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Serving the GW Community since 1904

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Diversity, equity official to leave GW in July
By Jenna Lee, Assistant News Editor • June 8, 2024

Freshmen lacked connections with professors, peers in first semester: SA report

Photo Illustration by Grace Hromin | Assistant Photo Editor
About 18 percent of the survey’s respondents reported feeling isolated, while 17 percent said distractions at home hindered their ability to learn.

Student Association first-year senators presented its first report last week detailing challenges facing freshmen during online learning.

Three first-year senators released a survey in October asking the Class of 2024 about their thoughts toward online learning and how respondents want to improve their “virtual learning experience,” according to the report. The survey found that freshmen feel virtual learning has weakened their academic experience and connections with professors.

SA Sen. Jack Bloom, U-at-Large, said he and his peers felt their voices were underrepresented in the SA when the SA Senate published a statement in July – a month before first-year senators could join – supporting officials’ decision to move classes online last fall.

“A lot of us started in the context of darkness,” he said. “We felt like we weren’t being heard, and so if anything, I hope that seeing this report lets them know that we’re here, we’re listening, we care.”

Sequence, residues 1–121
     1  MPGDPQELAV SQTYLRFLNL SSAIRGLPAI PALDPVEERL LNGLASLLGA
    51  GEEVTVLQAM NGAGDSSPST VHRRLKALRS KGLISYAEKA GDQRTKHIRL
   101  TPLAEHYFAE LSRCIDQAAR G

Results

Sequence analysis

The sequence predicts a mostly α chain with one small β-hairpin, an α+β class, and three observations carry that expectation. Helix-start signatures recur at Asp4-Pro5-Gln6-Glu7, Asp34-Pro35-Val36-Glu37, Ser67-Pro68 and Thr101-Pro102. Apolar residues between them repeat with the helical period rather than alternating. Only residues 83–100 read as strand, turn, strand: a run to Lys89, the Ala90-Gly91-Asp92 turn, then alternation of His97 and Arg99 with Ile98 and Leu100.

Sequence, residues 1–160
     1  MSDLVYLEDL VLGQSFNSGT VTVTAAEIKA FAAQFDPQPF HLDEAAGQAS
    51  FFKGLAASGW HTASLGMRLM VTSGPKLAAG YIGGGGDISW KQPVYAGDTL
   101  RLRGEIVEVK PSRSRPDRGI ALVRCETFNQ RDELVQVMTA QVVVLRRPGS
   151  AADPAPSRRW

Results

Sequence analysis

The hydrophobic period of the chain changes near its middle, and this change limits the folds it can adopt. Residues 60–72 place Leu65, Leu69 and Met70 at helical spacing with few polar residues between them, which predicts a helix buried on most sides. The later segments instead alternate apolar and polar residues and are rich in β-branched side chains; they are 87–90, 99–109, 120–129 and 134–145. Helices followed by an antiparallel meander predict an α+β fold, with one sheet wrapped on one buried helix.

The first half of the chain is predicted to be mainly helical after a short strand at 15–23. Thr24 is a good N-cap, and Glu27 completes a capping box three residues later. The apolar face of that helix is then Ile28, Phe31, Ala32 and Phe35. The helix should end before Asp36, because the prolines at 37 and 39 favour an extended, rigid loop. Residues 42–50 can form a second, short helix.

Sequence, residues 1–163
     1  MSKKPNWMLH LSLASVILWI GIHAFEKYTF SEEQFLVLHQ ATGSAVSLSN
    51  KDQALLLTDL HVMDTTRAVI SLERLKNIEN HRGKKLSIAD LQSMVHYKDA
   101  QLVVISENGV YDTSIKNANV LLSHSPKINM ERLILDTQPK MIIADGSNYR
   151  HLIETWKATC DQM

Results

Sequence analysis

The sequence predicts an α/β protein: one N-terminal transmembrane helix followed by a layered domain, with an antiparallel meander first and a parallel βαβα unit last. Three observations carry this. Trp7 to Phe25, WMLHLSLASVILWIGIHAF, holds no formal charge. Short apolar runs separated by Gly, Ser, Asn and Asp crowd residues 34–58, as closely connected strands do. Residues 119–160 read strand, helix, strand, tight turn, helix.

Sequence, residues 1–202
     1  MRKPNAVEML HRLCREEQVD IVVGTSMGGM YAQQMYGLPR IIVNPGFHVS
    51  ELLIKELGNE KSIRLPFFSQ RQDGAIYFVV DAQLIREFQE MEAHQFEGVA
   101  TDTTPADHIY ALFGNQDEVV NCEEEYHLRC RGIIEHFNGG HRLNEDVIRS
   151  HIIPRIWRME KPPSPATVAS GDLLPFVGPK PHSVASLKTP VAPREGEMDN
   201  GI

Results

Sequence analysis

The survey asked freshmen about their adaptability to college, the pros and cons of virtual learning and if they felt prepared for virtual learning this spring. The survey, which received more than 250 responses, revealed 26 percent faced “learning and organization” challenges, 18 percent felt isolated and 17 percent experienced home distractions that affected their ability to learn, according to the report.

Bloom said freshmen reported that they are struggling to form connections with the campus community. He said living on campus during the first year of college offers experiences like meeting new people and developing relationships that can’t be simulated in the same way in an online environment.

“While returning students might have some support systems in place – great friends they met in person or professors they met in person or even just having a substantial connection to Washington, D.C., Foggy Bottom, Mount Vernon and GW – first-year students really don’t have that,” Bloom said. “And so that’s just one more additional hurdle that we’ve all had to overcome.”

First-year senators hosted a town hall for freshmen in October, also aimed at gathering students’ concerns to compile the overall report.

“We conducted the survey and the town hall to get concrete data points to support what we already thought to be the case in an empirical way,” Bloom said.

The senate passed a resolution last week calling on officials to help ease the challenges freshmen are facing by promoting student resources like academic and mental health help.